Negotiating from military strength, he tried to reduce the strains of the Cold War. In 1953, the signing of a truce brought an armed peace along the border of South Korea.

The death of Stalin the same year caused shifts in relations with Russia. New Russian leaders consented to a peace treaty neutralizing Austria. Meanwhile, both Russia and the United States had developed hydrogen bombs. With the threat of such destructive force hanging over the world, Eisenhower, with the leaders of the British, French, and Russian governments, met at Geneva in July 1955.

The President proposed that the United States and Russia exchange blueprints of each other’s military establishments and “provide within our countries facilities for aerial photography to the other country.” The Russians greeted the proposal with silence, but were so cordial throughout the meetings that tensions relaxed.

Suddenly, in September 1955, Eisenhower suffered a heart attack in Denver, Colorado. After seven weeks he left the hospital, and in February 1956 doctors reported his recovery. In November he was elected for his second term.

In domestic policy the President pursued a middle course, continuing most of the New Deal and Fair Deal programs, emphasizing a balanced budget.

As desegregation of schools began, he sent troops into Little Rock, Arkansas, to assure compliance with the orders of a Federal court; he also ordered the complete desegregation of the Armed Forces. “There must be no second class citizens in this country,” he wrote.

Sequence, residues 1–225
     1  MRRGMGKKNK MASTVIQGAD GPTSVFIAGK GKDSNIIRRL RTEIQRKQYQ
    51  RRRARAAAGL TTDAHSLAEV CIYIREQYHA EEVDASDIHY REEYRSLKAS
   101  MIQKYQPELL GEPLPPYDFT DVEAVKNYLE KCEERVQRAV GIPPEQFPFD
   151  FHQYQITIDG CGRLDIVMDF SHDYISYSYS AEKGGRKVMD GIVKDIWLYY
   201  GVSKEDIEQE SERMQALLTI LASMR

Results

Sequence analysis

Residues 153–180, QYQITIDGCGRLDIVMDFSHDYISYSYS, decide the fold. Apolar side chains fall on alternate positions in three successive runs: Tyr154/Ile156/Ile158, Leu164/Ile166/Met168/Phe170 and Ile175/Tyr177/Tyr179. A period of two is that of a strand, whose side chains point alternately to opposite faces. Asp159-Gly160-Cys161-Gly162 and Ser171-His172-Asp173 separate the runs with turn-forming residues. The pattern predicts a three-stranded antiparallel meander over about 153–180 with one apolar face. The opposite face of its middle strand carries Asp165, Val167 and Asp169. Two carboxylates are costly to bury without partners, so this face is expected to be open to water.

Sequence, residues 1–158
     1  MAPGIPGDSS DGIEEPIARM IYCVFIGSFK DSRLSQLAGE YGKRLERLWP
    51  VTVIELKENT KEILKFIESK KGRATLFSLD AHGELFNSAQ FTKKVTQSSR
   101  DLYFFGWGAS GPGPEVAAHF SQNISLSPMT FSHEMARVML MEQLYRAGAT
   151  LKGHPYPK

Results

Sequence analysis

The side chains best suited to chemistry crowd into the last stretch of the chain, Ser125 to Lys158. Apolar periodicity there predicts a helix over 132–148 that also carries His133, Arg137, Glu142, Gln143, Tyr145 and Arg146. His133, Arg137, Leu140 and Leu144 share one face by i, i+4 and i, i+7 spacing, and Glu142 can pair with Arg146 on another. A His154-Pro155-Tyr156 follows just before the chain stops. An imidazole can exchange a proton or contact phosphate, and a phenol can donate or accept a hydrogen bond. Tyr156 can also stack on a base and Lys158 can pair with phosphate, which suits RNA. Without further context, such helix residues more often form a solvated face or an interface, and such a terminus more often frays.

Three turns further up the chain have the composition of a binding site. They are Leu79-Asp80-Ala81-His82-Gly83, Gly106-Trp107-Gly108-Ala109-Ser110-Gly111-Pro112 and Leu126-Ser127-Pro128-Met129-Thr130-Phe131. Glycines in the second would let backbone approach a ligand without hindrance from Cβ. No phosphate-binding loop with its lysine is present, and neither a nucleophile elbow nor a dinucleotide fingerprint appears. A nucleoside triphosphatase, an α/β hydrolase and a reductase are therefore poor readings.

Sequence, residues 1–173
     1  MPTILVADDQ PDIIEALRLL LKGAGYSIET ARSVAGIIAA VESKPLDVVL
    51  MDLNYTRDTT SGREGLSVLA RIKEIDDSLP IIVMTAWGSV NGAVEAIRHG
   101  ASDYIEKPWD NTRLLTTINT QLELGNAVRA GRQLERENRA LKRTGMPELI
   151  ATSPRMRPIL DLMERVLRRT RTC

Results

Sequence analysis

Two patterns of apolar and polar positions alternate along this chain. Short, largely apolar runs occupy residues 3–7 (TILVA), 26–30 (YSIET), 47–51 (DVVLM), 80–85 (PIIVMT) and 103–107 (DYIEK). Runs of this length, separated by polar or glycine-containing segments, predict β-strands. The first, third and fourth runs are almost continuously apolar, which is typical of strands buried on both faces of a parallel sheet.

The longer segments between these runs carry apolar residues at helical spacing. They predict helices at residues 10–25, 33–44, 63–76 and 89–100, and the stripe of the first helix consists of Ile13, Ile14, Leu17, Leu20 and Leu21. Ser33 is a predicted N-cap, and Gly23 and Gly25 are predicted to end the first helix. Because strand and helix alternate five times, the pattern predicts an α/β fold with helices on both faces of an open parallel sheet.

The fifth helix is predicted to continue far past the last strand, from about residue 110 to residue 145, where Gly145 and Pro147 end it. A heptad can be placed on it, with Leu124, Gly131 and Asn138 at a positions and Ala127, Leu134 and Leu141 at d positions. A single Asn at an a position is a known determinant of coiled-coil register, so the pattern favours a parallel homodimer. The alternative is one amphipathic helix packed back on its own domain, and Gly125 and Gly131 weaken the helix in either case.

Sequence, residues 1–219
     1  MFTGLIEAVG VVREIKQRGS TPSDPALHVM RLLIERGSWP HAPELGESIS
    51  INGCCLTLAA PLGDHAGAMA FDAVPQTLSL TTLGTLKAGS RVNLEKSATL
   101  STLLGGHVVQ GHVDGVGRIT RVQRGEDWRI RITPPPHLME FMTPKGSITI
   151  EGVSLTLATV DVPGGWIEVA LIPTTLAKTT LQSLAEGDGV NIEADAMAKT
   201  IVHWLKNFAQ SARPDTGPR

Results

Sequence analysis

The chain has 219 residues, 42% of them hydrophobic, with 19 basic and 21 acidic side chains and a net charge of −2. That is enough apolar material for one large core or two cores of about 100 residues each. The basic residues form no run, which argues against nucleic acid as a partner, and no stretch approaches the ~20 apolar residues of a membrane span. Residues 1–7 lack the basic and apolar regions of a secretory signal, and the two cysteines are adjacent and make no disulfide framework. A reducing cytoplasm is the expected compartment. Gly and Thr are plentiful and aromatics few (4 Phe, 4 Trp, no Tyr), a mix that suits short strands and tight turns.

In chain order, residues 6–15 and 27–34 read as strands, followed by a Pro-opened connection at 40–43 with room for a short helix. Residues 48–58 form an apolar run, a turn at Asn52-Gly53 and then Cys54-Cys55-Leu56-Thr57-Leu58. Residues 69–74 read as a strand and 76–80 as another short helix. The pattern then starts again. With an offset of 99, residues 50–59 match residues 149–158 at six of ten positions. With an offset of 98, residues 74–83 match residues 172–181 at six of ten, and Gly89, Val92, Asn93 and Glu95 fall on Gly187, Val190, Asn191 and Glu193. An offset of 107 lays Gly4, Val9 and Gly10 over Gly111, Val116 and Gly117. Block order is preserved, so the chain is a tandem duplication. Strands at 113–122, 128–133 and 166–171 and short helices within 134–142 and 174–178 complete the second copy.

Eisenhower concentrated on maintaining world peace. He watched with pleasure the development of his “atoms for peace” program–the loan of American uranium to “have not” nations for peaceful purposes.

Before he left office in January 1961, for his farm in Gettysburg, he urged the necessity of maintaining an adequate military strength, but cautioned that vast, long-continued military expenditures could breed potential dangers to our way of life. He concluded with a prayer for peace “in the goodness of time.” Both themes remained timely and urgent when he died, after a long illness, on March 28, 1969. (Source Wikipedia)

Dwight David Eisenhower was a man of conviction, strength and dedication to America, ..and a man with a resume when he threw his hat in the ring for the highest office in Nation.